# Cycles¶

## Algorithms¶

The following algorithms are available:

jgrapht.algorithms.cycles.chinese_postman(graph)[source]

Run Edmonds-Johnson algorithm to solve the chinese postman problem (CPP).

The CPP problem asks for the minimum length (weight) closed-walk that visits every edge of the graph at least once.

Note

This implementation assumes that the graph is strongly connected, otherwise the behavior is undefined.

Running time $$\mathcal{O}(n^3)$$ where $$n$$ is the number of vertices.

See the following paper:

• Edmonds, J., Johnson, E.L. Matching, Euler tours and the Chinese postman, Mathematical Programming (1973) 5: 88. doi:10.1007/BF01580113

Parameters

graph – the input graph. It must be strongly connected

Returns

a closed-walk of minimum weight which visits every edge at least once

jgrapht.algorithms.cycles.enumerate_simple_cycles_hawick_james(graph)[source]

Enumerate all simple cycles in a directed graph.

Running time $$\mathcal{O}((n+m)C)$$ where $$n$$ is the number of vertices, $$m$$ the number of edges and $$C$$ the number of simple cycles in the graph. This algorithm is a variant of Johnson’ algorithm.

Note

The algorithm supports self-loops but not multiple edges.

Note

The algorithm returns cycles as sets of vertices.

See the paper:

• Hawick, Kenneth A., and Heath A. James. “Enumerating Circuits and Loops in Graphs with Self-Arcs and Multiple-Arcs.” FCS. 2008.

Parameters

graph – the graph. Must be directed and without multiple edges

Returns

an iterator over the cycles. Cycles are returned as vertex sets.

jgrapht.algorithms.cycles.enumerate_simple_cycles_johnson(graph)[source]

Enumerate all simple cycles in a directed graph.

Running time $$\mathcal{O}((n + m)C)$$ where $$n$$ is the number of vertices, $$m$$ the number of edges and $$C$$ the number of simple cycles in the graph.

Note

The algorithm supports self-loops but not multiple edges.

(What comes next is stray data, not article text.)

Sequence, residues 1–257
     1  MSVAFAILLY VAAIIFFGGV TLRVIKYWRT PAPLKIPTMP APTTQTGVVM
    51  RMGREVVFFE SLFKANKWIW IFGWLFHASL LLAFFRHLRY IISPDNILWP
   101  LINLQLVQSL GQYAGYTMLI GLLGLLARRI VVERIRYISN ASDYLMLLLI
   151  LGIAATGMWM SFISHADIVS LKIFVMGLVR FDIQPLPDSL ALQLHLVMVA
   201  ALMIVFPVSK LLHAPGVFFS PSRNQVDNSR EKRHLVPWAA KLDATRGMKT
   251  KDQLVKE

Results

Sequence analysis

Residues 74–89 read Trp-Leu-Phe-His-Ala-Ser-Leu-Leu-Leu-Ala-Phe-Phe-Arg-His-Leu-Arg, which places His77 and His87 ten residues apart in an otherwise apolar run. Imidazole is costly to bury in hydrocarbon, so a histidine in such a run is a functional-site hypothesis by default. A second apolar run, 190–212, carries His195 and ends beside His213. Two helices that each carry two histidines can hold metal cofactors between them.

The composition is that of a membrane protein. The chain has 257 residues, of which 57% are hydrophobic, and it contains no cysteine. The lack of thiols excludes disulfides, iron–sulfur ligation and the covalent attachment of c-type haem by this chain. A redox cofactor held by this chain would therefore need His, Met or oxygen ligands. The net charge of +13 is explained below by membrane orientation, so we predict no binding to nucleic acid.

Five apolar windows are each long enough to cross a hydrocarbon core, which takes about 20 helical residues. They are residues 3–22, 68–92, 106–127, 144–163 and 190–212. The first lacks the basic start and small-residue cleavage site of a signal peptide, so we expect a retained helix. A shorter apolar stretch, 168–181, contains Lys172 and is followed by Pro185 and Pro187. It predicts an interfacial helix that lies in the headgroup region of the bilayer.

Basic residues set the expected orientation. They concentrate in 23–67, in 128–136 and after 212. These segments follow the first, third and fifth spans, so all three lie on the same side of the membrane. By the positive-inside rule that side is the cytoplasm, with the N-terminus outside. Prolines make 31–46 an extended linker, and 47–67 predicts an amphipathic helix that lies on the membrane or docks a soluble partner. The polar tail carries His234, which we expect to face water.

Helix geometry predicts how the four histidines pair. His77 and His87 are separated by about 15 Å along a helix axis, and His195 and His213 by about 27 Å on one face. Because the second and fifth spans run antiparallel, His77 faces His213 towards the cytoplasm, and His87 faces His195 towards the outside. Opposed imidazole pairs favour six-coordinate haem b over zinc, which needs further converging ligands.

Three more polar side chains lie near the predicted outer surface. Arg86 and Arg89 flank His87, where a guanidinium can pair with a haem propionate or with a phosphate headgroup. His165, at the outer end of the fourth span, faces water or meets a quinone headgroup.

Note

The algorithm returns cycles as sets of vertices.

See the paper:

• D. B. Johnson, Finding all the elementary circuits of a directed graph, SIAM J. Comput., 4 (1975), pp. 77-84.

Parameters

graph – the graph. Must be directed and without multiple edges

Returns

an iterator over the cycles. Cycles are returned as vertex sets.

jgrapht.algorithms.cycles.enumerate_simple_cycles_szwarcfiter_lauer(graph)[source]

Enumerate all simple cycles in a directed graph.

Running time $$\mathcal{O}((n+m)C)$$ where $$n$$ is the number of vertices, $$m$$ the number of edges and $$C$$ the number of simple cycles in the graph.

Note

The algorithm supports self-loops but not multiple edges.

Note

The algorithm returns cycles as sets of vertices.

See the paper:

• J. L. Szwarcfiter and P. E. Lauer, Finding the elementary cycles of a directed graph in O(n + m) per cycle, Technical Report Series, #60, May 1974, Univ. of Newcastle upon Tyne, Newcastle upon Tyne, England.

Parameters

graph – the graph. Must be directed and without multiple edges

Returns

an iterator over the cycles. Cycles are returned as vertex sets.

jgrapht.algorithms.cycles.enumerate_simple_cycles_tarjan(graph)[source]

Enumerate all simple cycles in a directed graph.

Running time $$\mathcal{O}(n m C)$$ where $$n$$ is the number of vertices, $$m$$ the number of edges and $$C$$ the number of simple cycles in the graph.

Note

The algorithm supports self-loops but not multiple edges.

Note

The algorithm returns cycles as sets of vertices.

See the paper:

• R. Tarjan, Enumeration of the elementary circuits of a directed graph, SIAM J. Comput., 2 (1973), pp. 211-216.

Parameters

graph – the graph. Must be directed and without multiple edges

Returns

an iterator over the cycles. Cycles are returned as vertex sets.

jgrapht.algorithms.cycles.enumerate_simple_cycles_tiernan(graph)[source]

Enumerate all simple cycles in a directed graph.

Running time $$\mathcal{O}(n d^n)$$ where $$n$$ is the number of vertices, $$m$$ the number of edges and $$d$$ is a constant.

Note

The algorithm supports self-loops but not multiple edges.

Note

The algorithm returns cycles as sets of vertices.